In an earlier blog post I outlined the 10 things you should know when looking at EDI, E-Commerce solutions. In the next series of blog articles I will explore these in more depth. So lets start at the top.
1. Your trading partner’s recommended solution is not the best bet in most cases. A trading partner will push a preferred solution because it serves their purposes not yours. In 20 years this has not changed. The selected supplier will push hard because it is an easy way to enlarge market share – the pressure sale around meeting a trading partners deadline.
Why is this an issue?
Your trading partner’s objective is getting their supplier base transmitting electronically. Why? It saves them money! They don’t care how the data is entered at your end, they just care that they get a compliant electronic feed. So they partner with company X to promote their e-commerce program and get you compliant.
So what is the issue?
Well put simply no one has your interest at heart. Your trading partner wants to get you live and the compliance partner wants to make some money making you compliant and hopefully convince you to be a client using your trading partner’s requirements as the stick to force you to buy their solution.
The stupidity of this approach is that it gives everyone in the industry a bad name. The high pressure sales guy or gal who preys on the supplier’s ignorance and coerces them into buying his or her solution, the trading partner for forcing a paid compliance testing program and ultimately the industry itself for allowing these games to go on.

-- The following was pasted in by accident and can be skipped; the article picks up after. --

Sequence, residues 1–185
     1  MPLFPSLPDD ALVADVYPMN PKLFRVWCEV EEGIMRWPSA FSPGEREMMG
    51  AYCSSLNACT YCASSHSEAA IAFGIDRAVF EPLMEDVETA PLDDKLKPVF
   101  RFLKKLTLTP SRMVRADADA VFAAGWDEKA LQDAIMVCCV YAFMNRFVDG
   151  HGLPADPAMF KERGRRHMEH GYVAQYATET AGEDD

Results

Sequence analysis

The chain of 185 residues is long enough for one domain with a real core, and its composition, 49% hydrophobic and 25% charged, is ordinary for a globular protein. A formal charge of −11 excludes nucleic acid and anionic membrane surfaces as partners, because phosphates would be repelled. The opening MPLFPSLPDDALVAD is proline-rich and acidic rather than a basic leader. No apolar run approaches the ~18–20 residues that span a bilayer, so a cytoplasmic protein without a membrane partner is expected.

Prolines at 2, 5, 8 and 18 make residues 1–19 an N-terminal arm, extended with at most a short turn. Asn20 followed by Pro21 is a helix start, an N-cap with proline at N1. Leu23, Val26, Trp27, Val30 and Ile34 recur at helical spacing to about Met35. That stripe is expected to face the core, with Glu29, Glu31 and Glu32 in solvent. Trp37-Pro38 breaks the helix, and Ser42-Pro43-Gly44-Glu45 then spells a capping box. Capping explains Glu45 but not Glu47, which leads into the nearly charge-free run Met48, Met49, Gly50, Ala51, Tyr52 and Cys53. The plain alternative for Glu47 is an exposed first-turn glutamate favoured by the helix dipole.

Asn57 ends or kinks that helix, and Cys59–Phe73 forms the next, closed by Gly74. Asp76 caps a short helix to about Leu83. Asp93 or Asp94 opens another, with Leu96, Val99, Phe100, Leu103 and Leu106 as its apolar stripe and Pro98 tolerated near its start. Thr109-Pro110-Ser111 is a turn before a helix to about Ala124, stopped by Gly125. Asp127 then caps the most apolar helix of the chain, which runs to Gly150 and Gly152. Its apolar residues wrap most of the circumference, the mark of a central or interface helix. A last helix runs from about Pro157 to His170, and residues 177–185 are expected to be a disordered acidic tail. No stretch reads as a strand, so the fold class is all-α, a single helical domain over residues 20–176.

There is a better way. The more forward thinking partners (Walmart and Home Depot come to mind) allow you to self-test using a web portal, either that they have developed or they have outsourced from a third party. There is no cost involved to the supplier. The days when EDI syntax was the issue are few and far between; today it’s all in the data. The real testing of data doesn’t start until you are live and in production anyway! So why go through compliance testing? Well old habits die-hard and because EDI departments are not funded properly at most major corporations. Even though they are critical elements in the supply chain, it’s easy to outsource the testing to a third party, because it’s supposedly cheaper and that’s where the problems arise.
So to the buyer ask yourself these simple questions.
1. Is the solution right for me or am I being pressured to buy something I don’t need even though I may have to test with this solution provider, Can I use my existing system?
2. If I am adding more than one partner to an existing solution is it time to look at integration, if I am not already integrated, rather than just adding to what I have?
3. Am I adding another web solution into the mix of what I already have? Does it make sense?
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